IDEAS home Printed from
   My bibliography  Save this paper

Understanding the shape of the mixture failure rate (with engineering and demographic applications)


  • Maxim S. Finkelstein

    (Max Planck Institute for Demographic Research, Rostock, Germany)


Mixtures of distributions are usually effectively used for modeling heterogeneity. It is well known that mixtures of DFR distributions are always DFR. On the other hand, mixtures of IFR distributions can decrease, at least in some intervals of time. As IFR distributions often model lifetimes governed by ageing processes, the operation of mixing can dramatically change the pattern of ageing. Therefore, the study of the shape of the observed (mixture) failure rate in a heterogeneous setting is important in many applications. We study discrete and continuous mixtures, obtain conditions for the mixture failure rate to tend to the failure rate of the strongest populations and describe asymptotic behavior as t tends to infty. Some demographic and engineering examples are considered. The corresponding inverse problem is discussed.

Suggested Citation

  • Maxim S. Finkelstein, 2009. "Understanding the shape of the mixture failure rate (with engineering and demographic applications)," MPIDR Working Papers WP-2009-031, Max Planck Institute for Demographic Research, Rostock, Germany.
  • Handle: RePEc:dem:wpaper:wp-2009-031

    Download full text from publisher

    File URL:
    Download Restriction: no

    References listed on IDEAS

    1. David Steinsaltz & Kenneth Wachter, 2006. "Understanding Mortality Rate Deceleration and Heterogeneity," Mathematical Population Studies, Taylor & Francis Journals, vol. 13(1), pages 19-37.
    2. Maxim Finkelstein & James W. Vaupel, 2006. "The relative tail of longevity and the mean remaining lifetime," Demographic Research, Max Planck Institute for Demographic Research, Rostock, Germany, vol. 14(7), pages 111-138, February.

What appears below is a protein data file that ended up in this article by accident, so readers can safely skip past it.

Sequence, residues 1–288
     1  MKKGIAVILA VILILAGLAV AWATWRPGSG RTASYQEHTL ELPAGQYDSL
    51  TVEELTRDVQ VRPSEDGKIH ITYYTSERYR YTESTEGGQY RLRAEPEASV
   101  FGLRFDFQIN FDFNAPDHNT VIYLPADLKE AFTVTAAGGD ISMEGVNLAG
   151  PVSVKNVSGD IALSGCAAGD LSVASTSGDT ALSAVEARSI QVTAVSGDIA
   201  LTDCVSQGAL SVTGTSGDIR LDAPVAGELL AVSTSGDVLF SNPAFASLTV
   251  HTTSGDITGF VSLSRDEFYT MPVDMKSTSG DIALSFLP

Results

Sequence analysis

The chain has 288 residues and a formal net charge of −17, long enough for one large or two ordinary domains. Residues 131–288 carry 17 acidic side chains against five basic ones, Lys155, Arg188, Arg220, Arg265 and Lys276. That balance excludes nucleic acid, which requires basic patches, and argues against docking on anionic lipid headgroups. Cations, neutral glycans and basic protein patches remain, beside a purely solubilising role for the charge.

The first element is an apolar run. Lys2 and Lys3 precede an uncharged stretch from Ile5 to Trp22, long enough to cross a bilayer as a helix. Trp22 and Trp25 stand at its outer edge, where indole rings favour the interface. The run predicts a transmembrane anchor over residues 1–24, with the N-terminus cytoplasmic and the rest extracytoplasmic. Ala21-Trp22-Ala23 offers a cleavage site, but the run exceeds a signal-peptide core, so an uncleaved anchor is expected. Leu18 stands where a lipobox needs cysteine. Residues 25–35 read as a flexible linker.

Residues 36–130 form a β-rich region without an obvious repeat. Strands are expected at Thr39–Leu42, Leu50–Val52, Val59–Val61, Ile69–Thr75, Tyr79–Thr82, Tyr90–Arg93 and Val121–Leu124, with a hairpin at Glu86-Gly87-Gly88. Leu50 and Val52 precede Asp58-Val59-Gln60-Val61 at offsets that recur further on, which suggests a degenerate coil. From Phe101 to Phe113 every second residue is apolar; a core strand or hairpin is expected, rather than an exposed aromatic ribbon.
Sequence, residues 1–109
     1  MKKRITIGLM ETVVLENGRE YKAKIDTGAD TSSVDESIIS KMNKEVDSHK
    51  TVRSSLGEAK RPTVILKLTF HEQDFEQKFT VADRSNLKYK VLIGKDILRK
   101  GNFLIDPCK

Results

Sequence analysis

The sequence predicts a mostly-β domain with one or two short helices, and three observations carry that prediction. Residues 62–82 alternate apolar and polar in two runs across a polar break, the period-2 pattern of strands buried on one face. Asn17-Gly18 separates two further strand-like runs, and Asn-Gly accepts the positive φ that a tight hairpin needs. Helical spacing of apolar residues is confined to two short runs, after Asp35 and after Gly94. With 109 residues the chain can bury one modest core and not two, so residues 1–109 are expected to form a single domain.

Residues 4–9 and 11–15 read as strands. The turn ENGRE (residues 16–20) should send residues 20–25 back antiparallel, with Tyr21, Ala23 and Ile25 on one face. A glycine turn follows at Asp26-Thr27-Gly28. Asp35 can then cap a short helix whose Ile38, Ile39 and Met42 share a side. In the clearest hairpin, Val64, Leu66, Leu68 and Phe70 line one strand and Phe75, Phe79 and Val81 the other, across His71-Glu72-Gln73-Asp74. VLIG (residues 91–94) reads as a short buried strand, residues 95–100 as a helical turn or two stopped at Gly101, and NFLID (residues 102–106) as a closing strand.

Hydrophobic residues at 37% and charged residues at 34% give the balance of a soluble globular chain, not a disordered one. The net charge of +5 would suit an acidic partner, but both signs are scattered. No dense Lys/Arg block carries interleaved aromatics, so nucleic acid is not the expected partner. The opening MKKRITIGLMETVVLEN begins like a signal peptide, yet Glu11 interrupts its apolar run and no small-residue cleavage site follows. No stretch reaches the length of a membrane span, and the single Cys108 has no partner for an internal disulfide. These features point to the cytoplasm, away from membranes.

3. A. R. Thatcher, 1999. "The long-term pattern of adult mortality and the highest attained age," Journal of the Royal Statistical Society Series A, Royal Statistical Society, vol. 162(1), pages 5-43.
    4. Jorge Navarro & Pedro Hernandez, 2008. "Mean residual life functions of finite mixtures, order statistics and coherent systems," Metrika: International Journal for Theoretical and Applied Statistics, Springer, vol. 67(3), pages 277-298, April.
    Full references (including those not matched with items on IDEAS)


    Citations are extracted by the CitEc Project, subscribe to its RSS feed for this item.

    Cited by:

    1. Cha, Ji Hwan & Finkelstein, Maxim, 2011. "Burn-in and the performance quality measures in heterogeneous populations," European Journal of Operational Research, Elsevier, vol. 210(2), pages 273-280, April.
    2. repec:eee:reensy:v:112:y:2013:i:c:p:120-128 is not listed on IDEAS
    3. Lai, Chin-Diew & Izadi, Muhyiddin, 2012. "Generalized logistic frailty model," Statistics & Probability Letters, Elsevier, vol. 82(11), pages 1969-1977.

    More about this item

    JEL classification:

    • J1 - Labor and Demographic Economics - - Demographic Economics
    • Z0 - Other Special Topics - - General

    NEP fields

    This paper has been announced in the following NEP Reports:


    Access and download statistics


    All material on this site has been provided by the respective publishers and authors. You can help correct errors and omissions. When requesting a correction, please mention this item's handle: RePEc:dem:wpaper:wp-2009-031. See general information about how to correct material in RePEc.

    For technical questions regarding this item, or to correct its authors, title, abstract, bibliographic or download information, contact: (Peter Wilhelm). General contact details of provider: .

    If you have authored this item and are not yet registered with RePEc, we encourage you to do it here. This allows to link your profile to this item. It also allows you to accept potential citations to this item that we are uncertain about.

    If CitEc recognized a reference but did not link an item in RePEc to it, you can help with this form .

    If you know of missing items citing this one, you can help us creating those links by adding the relevant references in the same way as above, for each refering item. If you are a registered author of this item, you may also want to check the "citations" tab in your RePEc Author Service profile, as there may be some citations waiting for confirmation.

    Please note that corrections may take a couple of weeks to filter through the various RePEc services.

    IDEAS is a RePEc service hosted by the Research Division of the Federal Reserve Bank of St. Louis . RePEc uses bibliographic data supplied by the respective publishers.